The quick connectors swivel 360°, can be assembled and disassembled easily, and do not leak. Those who have, while bent like a pretzel standing on its head, tried to tighten a leaking thread or tighten a hose clamp in a hidden-from-view awkward position can decide how big a plus to give these new connectors. We find them very likable. The snap-together idea was originated by Whale, the Irish pump manufacturer, and won the 1999 IMTEC innovation award.
In several cases, where the test results appeared unusual (such as those pumps that exceeded their gpm ratings), the tests were repeated until the numbers were beyond question.
So, what pump should you order to replace your noisy, panting old one, or, bless you, specify for your new boat, given the blessing of your builder to do so?
For a moment, forget price. As we all know, once in a while the best thing costs less money. But that’s not the way to bet. As a rule, you get what you pay for: a higher price generally means higher quality and a desirable by-product: long, trouble-free service.
If price and mounting space were no objects, and trouble-free water forever was the goal, boat owners would probably gravitate toward big pumps like Galley Maid’s big model MR-12-7 ($828 list) or Groco’s Paragon Jr. ($760) or Paragon Senior ($1,200). The Groco pumps—made of bronze and stainless steel by a very proud third-generation company—last almost forever, especially with the new “transducer” switches. (John Cly, Groco’s general manager, said, “Don’t like plastic. Bronze.”)
However, in a competitive world that is forced to replace stainless steel and bronze with plastic (which, besides having a great price advantage, is also lighter in weight), pump manufacturers live with the same basic truths dictated by conflicting requirements: Hold down the noise, increase the flow, and restrain the power. Increase the power, up goes the flow and the noise and amps. Cutting the noise means a smaller, quieter motor, fewer amps, and less water.
You’d think they’d all fit some formula. They don’t. But some provide a better mix of the three elements—noise, flow, and power.
In our view, the test indicated that the best melding of these qualities was presented by the Swedish-made Johnson Aqua Jet Uno 3.4. Virtually all plastic, this pump is not cheap ($450 list), but makes good on its claim to be “whisper quiet.” Of those tested, it’s the quietest pump, and it ranked third for low power consumption and tied for fifth for the volume of water pumped.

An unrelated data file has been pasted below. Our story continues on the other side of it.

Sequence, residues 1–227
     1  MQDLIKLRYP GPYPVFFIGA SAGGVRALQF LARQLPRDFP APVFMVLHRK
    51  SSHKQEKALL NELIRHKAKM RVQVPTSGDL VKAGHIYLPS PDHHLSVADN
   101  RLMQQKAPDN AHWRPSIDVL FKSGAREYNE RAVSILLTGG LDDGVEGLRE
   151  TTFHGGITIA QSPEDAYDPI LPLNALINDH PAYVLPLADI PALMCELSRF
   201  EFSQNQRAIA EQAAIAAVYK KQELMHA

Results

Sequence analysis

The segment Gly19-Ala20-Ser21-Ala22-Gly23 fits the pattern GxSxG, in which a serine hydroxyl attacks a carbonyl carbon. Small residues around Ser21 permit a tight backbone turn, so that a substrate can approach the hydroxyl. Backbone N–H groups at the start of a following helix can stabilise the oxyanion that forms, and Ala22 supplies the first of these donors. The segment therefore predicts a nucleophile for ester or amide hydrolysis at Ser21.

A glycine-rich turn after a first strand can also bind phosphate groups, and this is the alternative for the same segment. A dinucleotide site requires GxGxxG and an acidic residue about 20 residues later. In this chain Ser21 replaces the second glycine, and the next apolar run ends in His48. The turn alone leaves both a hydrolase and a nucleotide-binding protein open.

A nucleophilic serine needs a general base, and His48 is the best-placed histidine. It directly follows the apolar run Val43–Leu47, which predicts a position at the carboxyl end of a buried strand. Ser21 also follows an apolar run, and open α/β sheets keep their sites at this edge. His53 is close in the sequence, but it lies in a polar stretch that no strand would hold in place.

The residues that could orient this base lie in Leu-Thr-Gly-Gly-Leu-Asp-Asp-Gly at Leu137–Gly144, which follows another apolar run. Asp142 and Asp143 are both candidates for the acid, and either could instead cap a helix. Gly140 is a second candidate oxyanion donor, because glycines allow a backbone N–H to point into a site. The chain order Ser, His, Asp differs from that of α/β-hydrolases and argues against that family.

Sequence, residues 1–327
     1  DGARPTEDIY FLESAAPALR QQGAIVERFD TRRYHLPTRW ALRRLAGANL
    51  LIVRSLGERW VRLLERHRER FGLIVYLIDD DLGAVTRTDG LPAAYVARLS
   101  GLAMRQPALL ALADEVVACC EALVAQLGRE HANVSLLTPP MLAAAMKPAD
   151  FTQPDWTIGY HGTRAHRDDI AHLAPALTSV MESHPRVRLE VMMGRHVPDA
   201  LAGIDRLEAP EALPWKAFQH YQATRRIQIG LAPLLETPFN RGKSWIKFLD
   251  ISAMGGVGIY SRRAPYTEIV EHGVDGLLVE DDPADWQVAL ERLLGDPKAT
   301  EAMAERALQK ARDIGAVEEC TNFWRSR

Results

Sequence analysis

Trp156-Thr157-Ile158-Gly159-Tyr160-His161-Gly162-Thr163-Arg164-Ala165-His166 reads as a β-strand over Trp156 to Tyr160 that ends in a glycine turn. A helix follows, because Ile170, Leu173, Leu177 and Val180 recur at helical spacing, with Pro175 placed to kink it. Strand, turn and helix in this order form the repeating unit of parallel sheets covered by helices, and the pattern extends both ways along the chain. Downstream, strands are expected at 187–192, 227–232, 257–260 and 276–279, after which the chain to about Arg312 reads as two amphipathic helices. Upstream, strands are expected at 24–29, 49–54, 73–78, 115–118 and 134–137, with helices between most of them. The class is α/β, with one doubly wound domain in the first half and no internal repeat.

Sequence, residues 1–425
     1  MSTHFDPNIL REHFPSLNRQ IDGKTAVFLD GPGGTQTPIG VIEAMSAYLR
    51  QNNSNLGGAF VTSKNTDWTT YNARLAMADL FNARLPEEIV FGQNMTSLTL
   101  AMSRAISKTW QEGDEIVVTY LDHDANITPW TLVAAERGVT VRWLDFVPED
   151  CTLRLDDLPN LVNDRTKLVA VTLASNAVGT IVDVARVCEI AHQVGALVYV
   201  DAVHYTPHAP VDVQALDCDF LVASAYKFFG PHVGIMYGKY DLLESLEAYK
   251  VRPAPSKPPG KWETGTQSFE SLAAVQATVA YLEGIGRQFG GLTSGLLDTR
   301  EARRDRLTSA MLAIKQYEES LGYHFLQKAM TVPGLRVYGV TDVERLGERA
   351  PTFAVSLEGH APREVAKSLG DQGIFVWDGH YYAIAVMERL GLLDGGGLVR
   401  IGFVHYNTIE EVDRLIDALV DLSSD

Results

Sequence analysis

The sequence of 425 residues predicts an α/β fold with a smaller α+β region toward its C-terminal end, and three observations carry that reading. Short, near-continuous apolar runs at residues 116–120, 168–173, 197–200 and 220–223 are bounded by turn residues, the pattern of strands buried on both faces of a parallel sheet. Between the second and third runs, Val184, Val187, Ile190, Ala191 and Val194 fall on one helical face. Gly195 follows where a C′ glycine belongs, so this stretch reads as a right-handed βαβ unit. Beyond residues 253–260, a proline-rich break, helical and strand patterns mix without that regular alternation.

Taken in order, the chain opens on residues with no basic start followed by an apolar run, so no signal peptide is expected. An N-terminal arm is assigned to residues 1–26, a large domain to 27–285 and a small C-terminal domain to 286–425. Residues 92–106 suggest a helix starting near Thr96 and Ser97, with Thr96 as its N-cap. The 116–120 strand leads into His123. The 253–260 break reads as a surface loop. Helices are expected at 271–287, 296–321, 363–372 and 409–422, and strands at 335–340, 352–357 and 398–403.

Coming in behind the Johnson pump were, in this order, (#2) the Flojet 3.7 Sensor VSD ($245), one of the new “smart” pumps with automatically variable speed; (#3) the new-last-year Flojet Quad II ($80), which has an internal bypass valve that serves as an accumulator tank; (#4) the very-new Shurflo Extreme Series Smart Sensor ($250), which is similar to the Flojet mentioned in this paragraph, and, (#5) the Johnson Aqua Jet 5.0 ($190).
Practical Sailor’s opinion may not match your preferences. So, by examining the rankings on the chart, you can find pumps that more nearly meet your desires, whether those desires emphasize the quietness (if you have light sleepers aboard), minimum power (if, for instance, you have a small boat with one battery maintained by an alternator on an outboard or a solar panel) or lots of water from multiple spigots.
If you lack the time to examine the chart closely, we’ve broken the test ratings down to the top five pumps in each of the three categories—quietness, power consumption, and water volume. These choices are shown in the “Rankings” sidebar below.
Finally, since we’re in the joyful position of never having to hawk gear, we would remind you that, while they can be mighty convenient, electrical freshwater pumps aren’t necessary at all. Human-powered pumps and, for showers, gravity, have served very well for ages aboard boats. See PS, October 1, 2002, for a review of manual (and pedal) pumps. Whale’s Gusher Mark III pedal pump, for example, throws lots of water—at 0 amps.